Throughout history there are not many instances that one can absolutely prove that a horrible crime was just a part of a scheme that would have led to something much, much worse. The Miami Showband killings in Ireland is one of those times and it is an appalling lesson of just how brutal and insane the Troubles could get. It is also a clear cut example of how involved the authorities were in some of the most heinous crimes of the era.
Showbands were quite a popular phenomenon in Ireland. The uniqueness of the showband was documented in the film “The Commitments” which was popular throughout the world. These bands usually had five to ten members and were loved for playing showtunes, pop music, jazz and down home rock n roll greats. Many played the favorite traditional tunes of the area as well and they were extremely popular from the 50s right up until the mid-seventies. It’s amazing how quickly attendance and participation waned when one was targeted so ruthlessly by the paramilitaries of the UVF. Continue reading →
100 years ago exactly, a large shipment of arms landed in Ireland. It took the actions of extraordinary women to accomplish the Howth Gun Running scheme of 1914. One, Alice Stopford Green, gave a loan to have the capital for negotiations. Two more, Molly Childers and Mary Spring Rice, raised the rest of the funds to purchase the weapons. They were transported on the Childer’s family yacht – The Asgard – and two of the women sailed proudly with them. This is not to say that they did it alone but without the actions of these women, this large landing of arms destined for the hands of the Irish Volunteers may never have happened. Continue reading →
52 years ago today, Ireland lost an incredible feminist voice. Few women have ever managed to juggle being an activist, a rebel, a suffragist, a wife, a prisoner, a judge, a volunteer, a commanding officer, a hunger striker, an author, and the President of a political party, especially during a time when most women were dismissed and ignored. In fact, only one comes to mind.
Margaret Buckley (née Goulding) was an unrepentant suffragist and Republican woman who began her long and lustrous career of activism and politics as the president of the Cork chapter of Inghinidhe na hEireann, before the organization merged with Cumann Na mBan. Later as a married woman, she became a prominent organizer of the Irish Women’s Workers Union and eventually returned to her role as President, but the next time she did it as the head of a newly revamped Sinn Fein. Continue reading →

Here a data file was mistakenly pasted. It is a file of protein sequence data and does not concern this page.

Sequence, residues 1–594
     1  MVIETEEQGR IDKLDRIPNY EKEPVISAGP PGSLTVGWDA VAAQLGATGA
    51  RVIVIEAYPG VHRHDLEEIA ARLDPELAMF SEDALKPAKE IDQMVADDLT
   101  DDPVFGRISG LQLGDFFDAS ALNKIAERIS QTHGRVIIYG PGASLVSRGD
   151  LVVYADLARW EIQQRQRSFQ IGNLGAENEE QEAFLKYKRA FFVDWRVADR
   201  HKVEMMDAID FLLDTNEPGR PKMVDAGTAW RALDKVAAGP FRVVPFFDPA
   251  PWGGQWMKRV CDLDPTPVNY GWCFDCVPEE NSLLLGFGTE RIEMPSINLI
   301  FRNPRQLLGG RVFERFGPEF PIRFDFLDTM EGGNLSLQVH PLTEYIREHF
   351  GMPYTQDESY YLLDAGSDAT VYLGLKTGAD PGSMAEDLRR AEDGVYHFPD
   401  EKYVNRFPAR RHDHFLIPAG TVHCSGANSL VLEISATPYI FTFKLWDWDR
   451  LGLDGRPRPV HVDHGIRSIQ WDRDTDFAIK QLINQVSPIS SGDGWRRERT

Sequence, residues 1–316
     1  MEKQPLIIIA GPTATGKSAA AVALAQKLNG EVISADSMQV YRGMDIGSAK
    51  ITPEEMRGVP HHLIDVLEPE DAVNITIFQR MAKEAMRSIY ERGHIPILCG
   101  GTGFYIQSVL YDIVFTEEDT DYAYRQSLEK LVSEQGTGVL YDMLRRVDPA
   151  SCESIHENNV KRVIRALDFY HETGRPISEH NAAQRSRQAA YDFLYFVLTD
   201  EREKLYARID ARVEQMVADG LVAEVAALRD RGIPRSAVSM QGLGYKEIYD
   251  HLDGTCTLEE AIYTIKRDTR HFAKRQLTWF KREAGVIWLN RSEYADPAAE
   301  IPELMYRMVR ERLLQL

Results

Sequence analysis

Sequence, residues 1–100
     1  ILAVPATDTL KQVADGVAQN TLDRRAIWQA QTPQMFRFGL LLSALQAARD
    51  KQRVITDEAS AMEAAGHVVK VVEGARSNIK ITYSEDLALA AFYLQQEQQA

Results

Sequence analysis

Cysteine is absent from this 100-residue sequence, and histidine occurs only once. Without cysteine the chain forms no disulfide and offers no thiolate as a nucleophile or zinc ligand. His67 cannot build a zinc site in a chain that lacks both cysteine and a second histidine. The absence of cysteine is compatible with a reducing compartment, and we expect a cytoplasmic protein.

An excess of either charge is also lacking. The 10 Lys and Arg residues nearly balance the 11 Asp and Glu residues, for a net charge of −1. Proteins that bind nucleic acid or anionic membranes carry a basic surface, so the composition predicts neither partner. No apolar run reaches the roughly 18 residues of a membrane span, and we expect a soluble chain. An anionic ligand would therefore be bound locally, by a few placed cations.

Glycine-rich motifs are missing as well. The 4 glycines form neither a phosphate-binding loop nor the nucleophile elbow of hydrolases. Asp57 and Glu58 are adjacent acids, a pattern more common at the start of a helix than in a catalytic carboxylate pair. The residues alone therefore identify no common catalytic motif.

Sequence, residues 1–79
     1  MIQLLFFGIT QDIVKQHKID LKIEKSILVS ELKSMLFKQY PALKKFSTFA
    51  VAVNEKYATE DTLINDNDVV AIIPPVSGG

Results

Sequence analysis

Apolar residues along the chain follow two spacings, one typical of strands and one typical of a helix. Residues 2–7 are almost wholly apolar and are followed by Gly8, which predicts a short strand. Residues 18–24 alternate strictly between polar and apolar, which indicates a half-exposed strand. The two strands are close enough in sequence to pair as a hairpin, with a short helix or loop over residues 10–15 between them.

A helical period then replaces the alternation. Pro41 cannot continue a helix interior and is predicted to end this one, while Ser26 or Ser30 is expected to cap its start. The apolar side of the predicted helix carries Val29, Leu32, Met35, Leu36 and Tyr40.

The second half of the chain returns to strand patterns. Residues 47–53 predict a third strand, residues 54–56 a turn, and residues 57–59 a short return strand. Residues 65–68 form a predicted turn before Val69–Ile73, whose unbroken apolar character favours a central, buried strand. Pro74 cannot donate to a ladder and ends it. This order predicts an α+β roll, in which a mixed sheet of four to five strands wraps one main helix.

Joe was known for his comment. “I was born in a united Ireland, I want to die in a united Ireland”.
In May 1920, Cahill was born in Divis Street in west Belfast where his parents had been neighbours with Irish revolutionary James Connolly.
Cahill was the first child in a family of thirteen siblings born to Joesph and Joesphine Cahill. Cahill was educated at primary level at St. Mary’s Christian Brothers Primary School at Barrack Street. Cahill’s father was a printer by trade and an Irish republican who was a former member of the Irish National Volunteers and would produce Irish republican related material at his print shop. At the age of fourteen Cahill left school to assist in the printshop after his father had become ill.
At the age of eighteen, Cahill became a volunteer in the local Clonard based ‘C’ Company of the Belfast Brigade of the…
Here’s one that on the face of it, might not normally fit in my blog. I usually rail against the PUP and many loyalist factions and traditions but I always try to give credit where credit is due. David Ervine is one person who deserves that credit and I write that without hesitation, if only to show how similar both sides of the divide in the North of Ireland may be. At the end of the day, I am a firm believer in peace, empathy, and understanding. I also believe that while fundamental change is incredibly difficult, some people can accomplish it. I may be naive, hippy-ish, or simply too far removed from the first-hand experience but I believe David Ervine managed to pull it off.
Today would be Nelson Mandela’s 96th birthday. Once a warrior branded a terrorist, he then became the leader of South Africa and a recipient of the Nobel Peace Prize. He died while I was in Belfast, and people were leaving fresh flowers under his mural. Here’s a lovely picture of the mural, with the flowers underneath to celebrate today which is Nelson Mandela day.
flowers on the mural